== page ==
Gilmore says he has not witnessed any real mayhem or destruction in the past (there have been rumours of people displaying aberrant behavior up to and including running screaming into the Burning Man itself) and says that the communal spirit of the Festival tends to bring out the best in everyone. He has had difficulty sleeping on site in the past due to the “24-hour noise” and the fact that the excessive heat makes daytime napping problematic.
Water – that most pressing of human needs – also becomes an issue. About 50% of the cargo brought in by an individual attendee will consist of their potable water requirements, to the tune of 2 gallons per person per day.
Gilmore recently launched a successful gofundme campaign to buy himself sufficient propane to keep the fires burning. In only a few days, donations surpassed the $1300 requested. Gilmore said he was “stunned” at the success and that the generosity shown “really helped to temper my contempt.”
So, after two years of non-stop tinkering and “a million things going wrong,” the Fire Media Machine has commenced its journey. Graffiti artist Brad Biederman has painted the truck with a “Lava Man” motif and Gilmore is currently installing 600 LED lights as a bit of an aesthetic afterthought.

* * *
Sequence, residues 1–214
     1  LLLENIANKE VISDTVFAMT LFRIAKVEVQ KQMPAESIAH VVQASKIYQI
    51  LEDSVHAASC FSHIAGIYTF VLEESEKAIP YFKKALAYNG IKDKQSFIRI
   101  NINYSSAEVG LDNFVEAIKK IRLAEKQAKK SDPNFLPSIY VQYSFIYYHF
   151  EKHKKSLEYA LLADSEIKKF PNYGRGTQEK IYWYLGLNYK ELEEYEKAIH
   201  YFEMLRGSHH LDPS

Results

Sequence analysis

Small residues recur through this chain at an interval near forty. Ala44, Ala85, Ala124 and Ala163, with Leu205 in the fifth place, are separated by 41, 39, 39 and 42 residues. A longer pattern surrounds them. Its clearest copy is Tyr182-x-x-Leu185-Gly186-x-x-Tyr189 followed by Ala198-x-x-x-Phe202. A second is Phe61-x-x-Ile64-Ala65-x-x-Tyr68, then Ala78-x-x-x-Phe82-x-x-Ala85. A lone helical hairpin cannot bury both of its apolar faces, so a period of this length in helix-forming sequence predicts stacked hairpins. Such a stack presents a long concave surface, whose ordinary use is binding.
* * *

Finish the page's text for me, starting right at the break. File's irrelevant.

He has already had a play (my one man show Badger Bites Bear) performed inside the truck (for an audience of about six) and is thinking of installing a bar and a PA system. There is definitely a quixotic single-mindedness in Gilmore’s all-consuming hobby, but he believes it has helped get him through some difficult times. These are the benefits that can be derived from tilting at a windmill.
Gilmore fully expected to be gawked at with awe and even pulled over as he headed to the Black Rock Desert. Fire Media Machine had already crossed the border once before, to attend the Lakes of Fire Festival in Western Michigan. “Getting across wasn’t the problem. The fact that the truck runs on propane and it wasn’t available for sale was the problem.” He had to turn around and head back. Gilmore is currently working on converting the truck to gasoline.
What are his plans for his fire-breathing Hell-on-wheels after the Burning Man? Gilmore is eager to acquire a sponsor and take the truck on tour. He thinks the Red Bull energy beverage company might be an appropriate choice. His two year labour of love just needs a little corporate attention to send it permanently on the road.
Richard Gilmore is a fiery ginger and a very innovative fellow. He has won Halloween costume contests for the sheer ingenuity of his designs. I have seen him swing around chains of fire with a grin on his face worthy of Prometheus himself. At home with this most dangerous of elements, Richard Gilmore is indeed on his own Quest for Fire.